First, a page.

By Lisa Bulaich
Originally published in the Sacramento Business Journal
In the course of many business owners’ journey to success, they’ll find themselves considering a lease, a purchase, or the refinance of a commercial property. Perhaps the business has outgrown its current space or a second location is needed for expansion, or continuing to pay the rising cost of a lease just doesn’t make good business sense. The motivating factors are many.
When these situations occur, business owners often find themselves evaluating new lease arrangements, researching purchase options, or evaluating the details surrounding a refinance. A lease can make sense, however, if the business owner is not quite ready to put down roots. Purchasing a commercial property can be a better option when the business owner is ready.
Purchasing enables business owners to reap the benefits of paying themselves rent while purchasing an asset, to take advantage of tax write offs, and to create a new revenue stream in retirement. And, of course, refinancing has many benefits as well such as rate reduction, converting from a variable to a fixed rate, lowering monthly payments by extending the term, and pulling cash out to do tenant improvements.
Once a business owner decides to get serious about financing, many questions arise, including: “Can I qualify, how much cash do I need, and should I use a Conventional or SBA Loan?”
Business Banking Officer
Borrowers should consider the following before purchasing commercial real estate:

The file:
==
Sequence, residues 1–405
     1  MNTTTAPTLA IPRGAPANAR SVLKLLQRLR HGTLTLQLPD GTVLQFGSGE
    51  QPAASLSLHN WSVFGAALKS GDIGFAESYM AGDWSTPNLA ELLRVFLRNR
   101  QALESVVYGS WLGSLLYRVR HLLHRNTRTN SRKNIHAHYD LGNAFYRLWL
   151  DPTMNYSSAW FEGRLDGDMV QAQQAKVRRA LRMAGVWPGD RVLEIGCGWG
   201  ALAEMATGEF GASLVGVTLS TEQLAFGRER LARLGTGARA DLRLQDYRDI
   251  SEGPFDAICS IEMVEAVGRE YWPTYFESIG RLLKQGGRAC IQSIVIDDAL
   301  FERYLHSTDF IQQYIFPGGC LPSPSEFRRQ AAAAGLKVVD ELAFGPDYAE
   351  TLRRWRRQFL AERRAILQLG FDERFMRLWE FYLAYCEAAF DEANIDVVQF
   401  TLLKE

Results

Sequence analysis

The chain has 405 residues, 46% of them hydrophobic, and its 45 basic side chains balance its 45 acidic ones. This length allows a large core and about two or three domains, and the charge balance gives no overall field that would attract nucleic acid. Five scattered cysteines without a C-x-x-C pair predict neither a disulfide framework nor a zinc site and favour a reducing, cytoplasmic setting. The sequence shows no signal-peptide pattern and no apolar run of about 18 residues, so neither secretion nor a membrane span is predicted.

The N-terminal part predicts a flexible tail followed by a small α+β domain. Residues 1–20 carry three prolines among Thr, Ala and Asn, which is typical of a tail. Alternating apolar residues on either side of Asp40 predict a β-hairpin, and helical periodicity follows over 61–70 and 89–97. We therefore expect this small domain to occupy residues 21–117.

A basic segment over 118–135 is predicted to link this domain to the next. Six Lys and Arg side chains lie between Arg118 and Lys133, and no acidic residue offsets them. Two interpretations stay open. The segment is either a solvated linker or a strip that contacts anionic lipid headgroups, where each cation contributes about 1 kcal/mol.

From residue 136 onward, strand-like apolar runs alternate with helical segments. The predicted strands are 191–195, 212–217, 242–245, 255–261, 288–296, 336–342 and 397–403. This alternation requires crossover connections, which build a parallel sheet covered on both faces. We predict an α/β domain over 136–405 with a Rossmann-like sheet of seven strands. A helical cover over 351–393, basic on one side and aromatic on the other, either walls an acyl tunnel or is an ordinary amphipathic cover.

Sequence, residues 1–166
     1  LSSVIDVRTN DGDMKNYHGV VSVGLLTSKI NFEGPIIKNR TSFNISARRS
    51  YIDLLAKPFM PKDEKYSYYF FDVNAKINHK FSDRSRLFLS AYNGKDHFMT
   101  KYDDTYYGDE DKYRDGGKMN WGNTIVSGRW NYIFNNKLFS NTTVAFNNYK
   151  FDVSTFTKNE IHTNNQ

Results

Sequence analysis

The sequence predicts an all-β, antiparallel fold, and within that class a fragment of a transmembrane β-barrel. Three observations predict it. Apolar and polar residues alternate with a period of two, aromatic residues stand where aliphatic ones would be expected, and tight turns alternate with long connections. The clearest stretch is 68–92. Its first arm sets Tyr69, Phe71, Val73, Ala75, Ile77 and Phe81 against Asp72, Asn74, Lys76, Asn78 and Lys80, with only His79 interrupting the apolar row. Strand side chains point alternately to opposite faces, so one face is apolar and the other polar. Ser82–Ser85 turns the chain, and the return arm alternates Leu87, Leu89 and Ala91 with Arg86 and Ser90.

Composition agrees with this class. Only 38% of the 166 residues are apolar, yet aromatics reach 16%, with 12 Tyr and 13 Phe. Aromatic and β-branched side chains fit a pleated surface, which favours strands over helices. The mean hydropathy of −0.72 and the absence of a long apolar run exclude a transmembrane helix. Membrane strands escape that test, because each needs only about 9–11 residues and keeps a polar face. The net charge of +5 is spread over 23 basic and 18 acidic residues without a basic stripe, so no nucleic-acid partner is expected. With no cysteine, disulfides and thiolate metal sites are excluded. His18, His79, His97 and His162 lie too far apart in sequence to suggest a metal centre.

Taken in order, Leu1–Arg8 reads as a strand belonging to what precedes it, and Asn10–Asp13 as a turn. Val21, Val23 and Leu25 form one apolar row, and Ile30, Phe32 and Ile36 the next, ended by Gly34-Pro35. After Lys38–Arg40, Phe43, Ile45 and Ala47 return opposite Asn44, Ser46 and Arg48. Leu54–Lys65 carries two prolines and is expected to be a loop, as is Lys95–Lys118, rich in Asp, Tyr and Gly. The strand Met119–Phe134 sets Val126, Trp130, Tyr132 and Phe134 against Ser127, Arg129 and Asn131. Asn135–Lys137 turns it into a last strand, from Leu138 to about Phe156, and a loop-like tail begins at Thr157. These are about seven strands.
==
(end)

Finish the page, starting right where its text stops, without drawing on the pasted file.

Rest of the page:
- How much cash is available to inject into a purchase without depleting reserves and straining cash flow?
- How much square footage does the business require today and into the future?
- What’s the difference between SBA financing and Conventional financing?
In my experience, deciding what type of owner occupied financing suits the borrower comes down to how much the borrower has for the cash injection, what’s the use of funds, and his or her cash flow strength.
Conventional financing typically requires a larger cash injection than SBA financing. That said, conventional financing also typically requires less paperwork and less fees. Both options are equally beneficial, yet may not be equally suitable for every borrower.
A trusted lender can help navigate these waters by listening to a business owner’s goals, anticipating and answering questions, providing needed information, and structuring loans that meet the needs of the business now and into the future.
Taking the time to seek a knowledgeable lender that has the borrower’s best interest at heart will help to position the business owner for a successful future.
Lisa Bulaich is a V.P. and Business Banking Officer for First Bank. She has over 16 years of business banking/ lending experience.